ASHEVILLE, N.C. -- For the time being, Roy Williams is decamped at his mountain home near Asheville.
He said that on Sunday, he will return to Chapel Hill. North Carolina's longtime basketball coach, like the rest of us, is learning to cope with this quarantine.
He's made one very noticeable change. The head of the Heels has a new facial accessory.
"To see my face up there and see how bad I look with this fake beard...", Williams laughed.
He's normally quite busy this time of year, so if there's a sliver of silver lining for Williams during this COVID-19 outbreak - "I played golf in March and April for the first time in my life."
But he really made it clear the medical response to the novel coronavirus pandemic has dominated his thoughts.
"I just can't imagine those doctors, nurses going to work every day and worried about their own health and how it's going to affect their families," Williams said, "and yet they still keep going. So, they're definitely my heroes right now."
As for his team, Sunday night Zoom sessions are keeping them connected. Thankfully so far, no one's immediate family has been affected.
"I asked three questions at the end of this Sunday night. I said, 'how's your family first?' Secondly is, 'are you being smart and staying away from people?' and thirdly, just a very simple quick question: 'Give me something positive that you've done this week, either with your family, with your academics or anything.'"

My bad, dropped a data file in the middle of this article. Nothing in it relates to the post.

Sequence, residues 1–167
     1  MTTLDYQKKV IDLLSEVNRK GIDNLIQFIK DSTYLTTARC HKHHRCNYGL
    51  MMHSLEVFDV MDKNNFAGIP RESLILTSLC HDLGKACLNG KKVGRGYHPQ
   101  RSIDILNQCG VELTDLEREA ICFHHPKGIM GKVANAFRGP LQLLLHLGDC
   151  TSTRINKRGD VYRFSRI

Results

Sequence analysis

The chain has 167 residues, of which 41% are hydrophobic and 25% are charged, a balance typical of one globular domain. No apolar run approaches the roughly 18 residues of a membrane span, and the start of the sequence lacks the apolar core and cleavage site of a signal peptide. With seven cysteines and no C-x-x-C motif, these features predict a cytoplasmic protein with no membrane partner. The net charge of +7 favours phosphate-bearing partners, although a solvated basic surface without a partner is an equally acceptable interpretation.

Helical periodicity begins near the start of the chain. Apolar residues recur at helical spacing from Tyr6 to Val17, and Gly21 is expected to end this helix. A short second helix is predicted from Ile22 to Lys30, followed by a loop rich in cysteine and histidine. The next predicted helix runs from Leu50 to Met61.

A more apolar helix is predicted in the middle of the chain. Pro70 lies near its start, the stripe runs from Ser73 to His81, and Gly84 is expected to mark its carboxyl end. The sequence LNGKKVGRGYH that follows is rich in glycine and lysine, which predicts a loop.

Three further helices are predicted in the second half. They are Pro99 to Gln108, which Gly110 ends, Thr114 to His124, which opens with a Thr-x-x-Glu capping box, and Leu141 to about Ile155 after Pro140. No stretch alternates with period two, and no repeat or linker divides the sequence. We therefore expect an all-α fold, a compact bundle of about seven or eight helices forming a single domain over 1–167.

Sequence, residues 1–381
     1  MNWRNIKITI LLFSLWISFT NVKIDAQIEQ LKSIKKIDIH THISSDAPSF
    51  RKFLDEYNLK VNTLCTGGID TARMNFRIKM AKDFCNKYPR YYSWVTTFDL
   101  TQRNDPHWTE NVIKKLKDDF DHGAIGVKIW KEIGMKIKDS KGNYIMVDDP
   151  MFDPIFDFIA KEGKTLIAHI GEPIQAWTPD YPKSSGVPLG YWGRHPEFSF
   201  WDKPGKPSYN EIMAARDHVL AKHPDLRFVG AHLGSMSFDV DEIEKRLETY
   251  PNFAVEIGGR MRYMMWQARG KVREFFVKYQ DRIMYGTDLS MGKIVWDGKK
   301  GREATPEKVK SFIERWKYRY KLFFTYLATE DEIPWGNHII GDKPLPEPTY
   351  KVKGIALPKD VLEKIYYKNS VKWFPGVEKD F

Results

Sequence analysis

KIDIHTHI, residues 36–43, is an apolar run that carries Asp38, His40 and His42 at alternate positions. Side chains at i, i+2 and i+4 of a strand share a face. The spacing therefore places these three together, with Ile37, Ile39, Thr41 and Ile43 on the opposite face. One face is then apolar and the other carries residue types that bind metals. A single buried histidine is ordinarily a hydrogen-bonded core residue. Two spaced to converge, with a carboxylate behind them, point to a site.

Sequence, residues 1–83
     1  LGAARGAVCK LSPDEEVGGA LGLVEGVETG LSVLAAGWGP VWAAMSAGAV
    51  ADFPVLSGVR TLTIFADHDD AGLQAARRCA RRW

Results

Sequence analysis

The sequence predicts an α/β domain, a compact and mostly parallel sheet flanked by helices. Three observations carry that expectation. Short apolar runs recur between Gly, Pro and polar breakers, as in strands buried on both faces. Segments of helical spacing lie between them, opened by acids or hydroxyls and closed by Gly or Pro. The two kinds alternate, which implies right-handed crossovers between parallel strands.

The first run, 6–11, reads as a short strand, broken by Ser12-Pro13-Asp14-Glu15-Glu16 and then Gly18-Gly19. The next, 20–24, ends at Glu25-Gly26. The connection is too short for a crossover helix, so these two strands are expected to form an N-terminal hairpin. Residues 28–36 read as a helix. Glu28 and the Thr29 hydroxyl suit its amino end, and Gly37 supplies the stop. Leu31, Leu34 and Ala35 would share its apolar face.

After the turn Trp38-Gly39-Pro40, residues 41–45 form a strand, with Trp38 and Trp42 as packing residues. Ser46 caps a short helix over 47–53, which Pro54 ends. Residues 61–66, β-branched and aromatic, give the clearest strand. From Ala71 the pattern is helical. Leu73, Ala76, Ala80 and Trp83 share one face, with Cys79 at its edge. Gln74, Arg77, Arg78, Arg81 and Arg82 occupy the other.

From Williams' perspective, there isn't much to say about last season. He detailed a number of shortcomings, hammering himself for not getting the most out of the players.
In typical Roy fashion, he distilled the 14-19 season the Tar Heels endured this way:
"I don't think there's one simple answer other than the fact we just got our tails beat, and we've got to put it behind us and learn from those mistakes."
In that regard, the summer recruiting session figures to be extra challenging. If there are no in-person camps to evaluate, Williams and his staff will adjust, like everyone else, but he hopes it doesn't come to that.
"What you're going to do is, you're going to rely more heavily on tapes, and you're going to rely more heavily on high school coaches' recommendations," Williams said. "Gracious sakes, I hate trying to make a decision, scholarship or no scholarship on the guy just by watching him on tape."
Big picture though, that stuff seems entirely secondary right now in the face of the COVID-19 crisis. Williams encouraged people to lean on the experts.
"It's such a weird thing. You can't see it; you can't have any idea of it. You don't know what to fight," Williams said. "And so just trying to take the advice of the scientists and the medical people and not the politicians, I think, it's the best thing that can happen in the world right now."